The late 80s were tough for the chain. Although it introduced new products and had deals to sell donuts in 7-Eleven stores, it registered a string of operating losses and top executives resigned from the chain. The stock price nosedived from 18 dollars to around 4 dollars at the beginning of 1988. James Verney was brought in to steer the sinking ship. But the situation worsened. Sales dropped to 145 million dollars with less than 700 stores in operation. It is true that increased competition and shifting consumer trends negatively affected the chain. But what made it worse is that under Denny’s ownership, not a lot of money had been put towards marketing or remodelling restaurants. The funds generated by the chain were supposedly transferred to the parent company, which was Denny’s.
Then in 1989, a Vancouver-based firm, Shato Holdings, bought out Winchell’s. Shato was well known in the space, operating restaurants and franchises in Canada. Shato began restructuring the chain by selling over 250 stores to Pizza Hut and hiring new seasoned executives, which included the VP of International House of Pancakes. New measures to boost profitability included revamping the supply chain and adding new menu items. They launched a new concept called Witchell’s N More that featured sandwiches and salads. But that did not take off as expected.
There has been a lot of leadership changes at Winchell’s in the early 90s until Nancy Parker took the reigns. Parker completed the sale of the stores to Pizza Hut and introduced a new line of frozen donuts for sale in retail stores. By mid 90s, the chain operated only 300 stores and sales started dipping again. Parker was then replaced by a former Baskin-Robbins VP who introduced Winchell’s Express, a service counter placed in sandwich shops such as Subway. Through the 90s, a lot of new products, ranging from bagels to coffee, were introduced to revitalize the brand. Underperforming stores were transformed into stores that would supply doughnuts to better performing locations.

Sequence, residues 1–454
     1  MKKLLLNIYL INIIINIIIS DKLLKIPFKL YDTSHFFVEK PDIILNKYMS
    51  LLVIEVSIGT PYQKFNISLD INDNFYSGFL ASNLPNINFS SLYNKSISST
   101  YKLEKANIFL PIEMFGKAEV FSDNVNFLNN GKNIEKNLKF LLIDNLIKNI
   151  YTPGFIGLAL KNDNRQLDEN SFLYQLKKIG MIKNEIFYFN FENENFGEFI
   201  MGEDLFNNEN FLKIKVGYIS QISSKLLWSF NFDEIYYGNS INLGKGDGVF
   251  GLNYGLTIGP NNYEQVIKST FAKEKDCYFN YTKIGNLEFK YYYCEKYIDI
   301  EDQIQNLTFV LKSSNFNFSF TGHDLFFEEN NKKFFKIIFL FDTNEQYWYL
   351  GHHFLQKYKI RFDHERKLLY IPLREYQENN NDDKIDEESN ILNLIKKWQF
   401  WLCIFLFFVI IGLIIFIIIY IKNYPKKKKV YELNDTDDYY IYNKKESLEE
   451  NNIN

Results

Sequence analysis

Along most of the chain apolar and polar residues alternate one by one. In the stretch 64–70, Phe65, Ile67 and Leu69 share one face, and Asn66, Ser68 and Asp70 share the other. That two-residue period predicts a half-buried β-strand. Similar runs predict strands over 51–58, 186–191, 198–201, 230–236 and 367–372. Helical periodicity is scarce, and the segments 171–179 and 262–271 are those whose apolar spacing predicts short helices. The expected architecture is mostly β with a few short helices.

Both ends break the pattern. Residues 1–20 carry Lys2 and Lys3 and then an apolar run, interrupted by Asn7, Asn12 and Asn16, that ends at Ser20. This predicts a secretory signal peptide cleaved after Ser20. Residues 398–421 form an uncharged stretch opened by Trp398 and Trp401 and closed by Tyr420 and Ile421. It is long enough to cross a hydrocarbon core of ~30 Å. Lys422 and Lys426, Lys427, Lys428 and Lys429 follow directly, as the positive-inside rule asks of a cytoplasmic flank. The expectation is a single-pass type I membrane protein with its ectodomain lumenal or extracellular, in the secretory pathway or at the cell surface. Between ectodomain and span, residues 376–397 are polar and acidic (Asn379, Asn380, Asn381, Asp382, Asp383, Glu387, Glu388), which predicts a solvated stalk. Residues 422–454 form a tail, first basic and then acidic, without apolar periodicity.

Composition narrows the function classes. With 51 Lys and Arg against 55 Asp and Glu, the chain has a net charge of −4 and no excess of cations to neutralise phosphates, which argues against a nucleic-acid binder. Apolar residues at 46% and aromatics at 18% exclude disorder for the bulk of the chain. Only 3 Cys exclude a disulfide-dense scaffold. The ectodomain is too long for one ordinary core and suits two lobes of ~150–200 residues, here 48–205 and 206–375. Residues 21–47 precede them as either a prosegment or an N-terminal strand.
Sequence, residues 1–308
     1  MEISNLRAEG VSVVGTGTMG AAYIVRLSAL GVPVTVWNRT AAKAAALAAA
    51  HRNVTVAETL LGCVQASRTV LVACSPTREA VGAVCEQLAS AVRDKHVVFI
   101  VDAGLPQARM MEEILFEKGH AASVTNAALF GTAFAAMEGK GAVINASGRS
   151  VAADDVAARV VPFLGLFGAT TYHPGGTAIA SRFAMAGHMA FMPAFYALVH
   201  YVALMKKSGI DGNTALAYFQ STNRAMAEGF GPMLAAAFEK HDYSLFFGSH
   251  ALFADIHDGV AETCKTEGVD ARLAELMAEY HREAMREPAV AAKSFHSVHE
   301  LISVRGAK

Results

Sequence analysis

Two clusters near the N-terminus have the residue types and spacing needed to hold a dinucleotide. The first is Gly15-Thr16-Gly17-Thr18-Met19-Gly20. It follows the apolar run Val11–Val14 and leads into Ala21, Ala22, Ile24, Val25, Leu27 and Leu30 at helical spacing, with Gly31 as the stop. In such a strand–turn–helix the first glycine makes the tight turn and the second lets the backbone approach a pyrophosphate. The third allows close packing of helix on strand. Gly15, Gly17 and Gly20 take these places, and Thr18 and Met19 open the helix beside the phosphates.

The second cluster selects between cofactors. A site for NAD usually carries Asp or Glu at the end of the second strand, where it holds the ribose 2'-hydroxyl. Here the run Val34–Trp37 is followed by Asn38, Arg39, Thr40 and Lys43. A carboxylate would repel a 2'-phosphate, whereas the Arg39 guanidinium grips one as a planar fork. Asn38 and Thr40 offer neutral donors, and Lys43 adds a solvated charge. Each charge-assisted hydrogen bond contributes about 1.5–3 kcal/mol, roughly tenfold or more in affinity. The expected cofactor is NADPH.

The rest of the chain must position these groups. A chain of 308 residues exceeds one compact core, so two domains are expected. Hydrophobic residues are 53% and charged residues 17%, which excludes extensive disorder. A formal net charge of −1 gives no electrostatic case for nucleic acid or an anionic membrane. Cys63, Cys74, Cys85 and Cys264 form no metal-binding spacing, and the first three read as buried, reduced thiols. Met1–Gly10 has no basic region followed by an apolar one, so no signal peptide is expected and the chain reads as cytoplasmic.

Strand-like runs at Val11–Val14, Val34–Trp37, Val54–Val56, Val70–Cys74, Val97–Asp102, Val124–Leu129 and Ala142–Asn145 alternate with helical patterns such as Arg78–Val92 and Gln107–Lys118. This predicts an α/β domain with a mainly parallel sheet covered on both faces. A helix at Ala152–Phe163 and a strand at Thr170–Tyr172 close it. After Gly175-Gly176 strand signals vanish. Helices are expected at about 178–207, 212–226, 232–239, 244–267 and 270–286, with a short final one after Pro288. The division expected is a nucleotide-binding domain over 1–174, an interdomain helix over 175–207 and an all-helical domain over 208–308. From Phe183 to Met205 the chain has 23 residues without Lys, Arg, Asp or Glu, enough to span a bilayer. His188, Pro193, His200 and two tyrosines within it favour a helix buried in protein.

However, the 90s marked a huge increase in the already crowded donut space. Gourmet coffee shops and small bakeries would pop up every where. Moreover, Krispy Kreme was ramping up its marketing campaigns and began encroaching upon Winchell’s territory. Winchell’s tried really hard to maintain a grip on their chain. They started “Winchell’s World”, a concept where customers would watch the doughnut production line through windows. They also rolled out their Warm ’N’ Fresh program that guaranteed fresh donuts, defined as being less than 3 hours old, from 6 to 9 a.m. Red flashing lights signalled when a batch has been made beyond the time limit, making the purchase free for customers. The chain went on to form new partnerships by opening more Winchell’s Express in 7-Eleven stores. Winchell’s new initiatives help bolster revenues marginally, to around 70 million dollars.
However, in the early 2000s, the chain kept closing stores around the US. When Yum-Yum Donuts bought the chain in 2004, there was only around 200 stores in operation. It seems that Yum-Yum continued closing underperforming stores, with 160 stores left at the end of 2005. And to be honest, the situation did not change much from there. Maybe Yum-Yum decided to concentrate on its own brand rather than remodeling and revamping Winchell’s.
For those of you who grew up with Winchell’s Donut, do you still eat at their restaurants? Or did you defect to Krispy Kreme and the likes? Why do you think it was not able to rise above the competition? As always, let us know what you think.